Thursday, Dec. 10, 2015
Black Hawk College announced today plans to address the budget shortfall resulting from lower than anticipated enrollment and ongoing uncertainty created from the state of Illinois budget crisis. The college had previously stated its approach may involve several phases and would remain flexible enough to adapt to changing economic circumstances.
Dr. Bettie Truitt, president of the college, stated, “The reduction in Monetary Award Program (MAP) grants combined with declining enrollments has created a budget gap in excess of $1.5 million. Phase 1 of our plan addresses the immediate need to correct this.”
State of Illinois funding for Fiscal Year 2016 (July 1, 2015 – June 30, 2016) was anticipated to be $7.2 million, or about 22% of total budget needs. Steve Frommelt, vice president for finance and administration said the total projected shortfall “was approximately $9 million.”
Frommelt stated, “If the college does not receive state funding, a second phase of budget reductions will be needed.”
In an email sent to employees on November 6, Truitt shared her concerns about the budget deficit and that the college was developing plans to address it.
Phase 1 implementation will begin in December and include a reduction of 5 faculty and 10 staff positions. Truitt said, “Eliminating positions is a difficult decision and one we don’t take lightly. These are dedicated and valued people and we appreciate their contributions.”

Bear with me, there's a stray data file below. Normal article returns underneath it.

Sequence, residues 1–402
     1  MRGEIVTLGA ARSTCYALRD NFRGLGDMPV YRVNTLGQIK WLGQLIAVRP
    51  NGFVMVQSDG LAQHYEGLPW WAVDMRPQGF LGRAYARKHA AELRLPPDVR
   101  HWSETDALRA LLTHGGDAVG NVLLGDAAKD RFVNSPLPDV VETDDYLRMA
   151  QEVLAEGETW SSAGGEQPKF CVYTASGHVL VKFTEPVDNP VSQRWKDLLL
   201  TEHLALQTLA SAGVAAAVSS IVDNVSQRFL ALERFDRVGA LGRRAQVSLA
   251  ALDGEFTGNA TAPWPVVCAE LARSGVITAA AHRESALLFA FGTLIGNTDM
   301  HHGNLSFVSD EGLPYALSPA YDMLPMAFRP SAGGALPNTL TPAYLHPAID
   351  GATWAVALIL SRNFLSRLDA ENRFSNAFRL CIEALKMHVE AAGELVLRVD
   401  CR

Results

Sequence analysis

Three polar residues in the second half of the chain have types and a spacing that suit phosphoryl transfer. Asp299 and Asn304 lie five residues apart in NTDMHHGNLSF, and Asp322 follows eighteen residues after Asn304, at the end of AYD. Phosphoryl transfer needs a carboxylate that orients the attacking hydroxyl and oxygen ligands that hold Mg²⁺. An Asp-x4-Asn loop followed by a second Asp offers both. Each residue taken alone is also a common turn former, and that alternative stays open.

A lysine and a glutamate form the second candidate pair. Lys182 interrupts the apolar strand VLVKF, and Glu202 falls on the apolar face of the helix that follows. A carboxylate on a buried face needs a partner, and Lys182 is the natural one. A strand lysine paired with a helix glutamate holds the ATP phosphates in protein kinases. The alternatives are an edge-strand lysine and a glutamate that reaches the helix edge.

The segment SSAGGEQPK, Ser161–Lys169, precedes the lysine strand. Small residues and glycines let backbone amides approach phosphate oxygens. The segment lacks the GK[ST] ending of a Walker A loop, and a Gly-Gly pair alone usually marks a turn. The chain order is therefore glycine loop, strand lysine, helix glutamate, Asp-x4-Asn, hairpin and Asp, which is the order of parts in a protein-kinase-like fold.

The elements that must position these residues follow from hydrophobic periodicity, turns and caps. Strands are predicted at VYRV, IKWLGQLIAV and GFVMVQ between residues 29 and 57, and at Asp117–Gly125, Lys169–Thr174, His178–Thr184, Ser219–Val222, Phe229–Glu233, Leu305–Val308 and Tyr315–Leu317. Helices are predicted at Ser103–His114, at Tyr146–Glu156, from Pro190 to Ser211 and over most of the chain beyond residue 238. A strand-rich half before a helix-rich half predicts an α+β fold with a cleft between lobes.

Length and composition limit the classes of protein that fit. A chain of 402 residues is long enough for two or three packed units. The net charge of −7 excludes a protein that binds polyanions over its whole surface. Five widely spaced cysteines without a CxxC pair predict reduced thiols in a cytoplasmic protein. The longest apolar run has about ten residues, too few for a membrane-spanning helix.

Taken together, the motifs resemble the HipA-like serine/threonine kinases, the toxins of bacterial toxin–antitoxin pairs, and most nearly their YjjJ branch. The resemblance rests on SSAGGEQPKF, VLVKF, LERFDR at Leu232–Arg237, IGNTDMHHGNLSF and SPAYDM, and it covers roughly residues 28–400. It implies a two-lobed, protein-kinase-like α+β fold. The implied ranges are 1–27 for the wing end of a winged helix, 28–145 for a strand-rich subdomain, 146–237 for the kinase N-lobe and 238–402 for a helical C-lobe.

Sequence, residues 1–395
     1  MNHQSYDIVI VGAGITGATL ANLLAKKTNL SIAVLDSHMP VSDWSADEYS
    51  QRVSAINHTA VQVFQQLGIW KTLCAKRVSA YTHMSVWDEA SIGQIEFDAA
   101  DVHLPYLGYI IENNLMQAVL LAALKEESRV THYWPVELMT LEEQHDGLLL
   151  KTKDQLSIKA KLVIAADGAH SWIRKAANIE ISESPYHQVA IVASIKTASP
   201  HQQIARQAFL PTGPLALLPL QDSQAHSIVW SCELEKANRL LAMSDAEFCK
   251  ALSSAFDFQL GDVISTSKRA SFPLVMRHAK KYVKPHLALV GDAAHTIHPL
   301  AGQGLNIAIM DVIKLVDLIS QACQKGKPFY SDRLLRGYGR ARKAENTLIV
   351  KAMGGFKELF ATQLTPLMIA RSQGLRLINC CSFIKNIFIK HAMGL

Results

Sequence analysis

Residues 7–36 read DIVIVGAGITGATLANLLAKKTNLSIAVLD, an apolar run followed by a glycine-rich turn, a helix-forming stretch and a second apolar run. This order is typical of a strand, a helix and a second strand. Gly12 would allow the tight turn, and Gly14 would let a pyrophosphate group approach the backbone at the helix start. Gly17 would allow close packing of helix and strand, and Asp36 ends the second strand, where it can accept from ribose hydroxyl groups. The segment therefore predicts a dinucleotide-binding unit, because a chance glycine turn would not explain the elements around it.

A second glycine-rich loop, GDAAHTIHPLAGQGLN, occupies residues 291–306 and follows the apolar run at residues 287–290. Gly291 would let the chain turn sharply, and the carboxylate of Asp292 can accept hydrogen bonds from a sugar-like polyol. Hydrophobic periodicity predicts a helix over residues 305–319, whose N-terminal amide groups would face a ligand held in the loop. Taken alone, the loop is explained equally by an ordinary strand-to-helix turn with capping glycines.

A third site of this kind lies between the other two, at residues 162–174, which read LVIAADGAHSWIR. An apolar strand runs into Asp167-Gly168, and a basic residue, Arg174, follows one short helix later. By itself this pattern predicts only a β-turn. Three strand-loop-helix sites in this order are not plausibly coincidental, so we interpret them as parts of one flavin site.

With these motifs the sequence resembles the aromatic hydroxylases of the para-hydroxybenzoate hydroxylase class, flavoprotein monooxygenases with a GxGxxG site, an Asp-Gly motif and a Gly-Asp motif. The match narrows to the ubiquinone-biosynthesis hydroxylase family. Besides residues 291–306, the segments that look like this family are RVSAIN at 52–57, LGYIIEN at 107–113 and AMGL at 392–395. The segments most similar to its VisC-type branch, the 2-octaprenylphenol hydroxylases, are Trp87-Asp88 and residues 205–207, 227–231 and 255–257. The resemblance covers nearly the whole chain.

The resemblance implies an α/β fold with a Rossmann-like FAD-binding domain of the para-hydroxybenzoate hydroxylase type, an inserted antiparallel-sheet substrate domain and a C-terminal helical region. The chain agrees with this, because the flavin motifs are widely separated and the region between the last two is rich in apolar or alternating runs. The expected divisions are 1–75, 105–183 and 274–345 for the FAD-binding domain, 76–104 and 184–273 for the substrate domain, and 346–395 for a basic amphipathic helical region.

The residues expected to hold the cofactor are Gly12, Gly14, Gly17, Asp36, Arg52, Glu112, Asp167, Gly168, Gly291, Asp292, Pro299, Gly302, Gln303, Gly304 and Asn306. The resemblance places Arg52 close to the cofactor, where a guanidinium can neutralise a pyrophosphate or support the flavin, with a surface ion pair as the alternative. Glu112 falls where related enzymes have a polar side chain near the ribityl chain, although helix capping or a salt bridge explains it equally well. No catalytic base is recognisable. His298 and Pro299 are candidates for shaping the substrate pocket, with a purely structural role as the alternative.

Truitt said the college will request approval of a voluntary termination of employment plan (VTEP) available for employees to the Board of Trustees at its December 17 meeting. The proposed plan provides eligible employees with 10 or more years of fulltime continuous service as of December 1, 2015, with a one-time payment equal to 25% of their current base pay.
The Board of Trustees will also be asked to approve the termination of college financial support for the Illinois Small Business Development Center (SBDC), the International Trade Center (ITC), and the Illinois Procurement Technical Assistance Center (PTAC). This will include five of the ten staff positions to be eliminated. These programs provide counseling to prospective and current businesses in western Illinois.
Truitt said, “The role of community colleges has historically been multifaceted serving many diverse sectors. We still believe that is the case but considering all the financial factors involved, we had to make some difficult decisions in these areas.”
The college is working to find an organization that would be a good fit to host the programs in the future. “The staff who run them provide a great service to our business community and we are hopeful that will continue through another organization.”
Truitt also stated, “Many Illinois community colleges are facing similar budget problems and are working to identify the best ways to address them without negatively impacting the high quality of instruction and services to students. Our mission and purpose has been and will continue to be to provide our students with the highest quality educational opportunities.”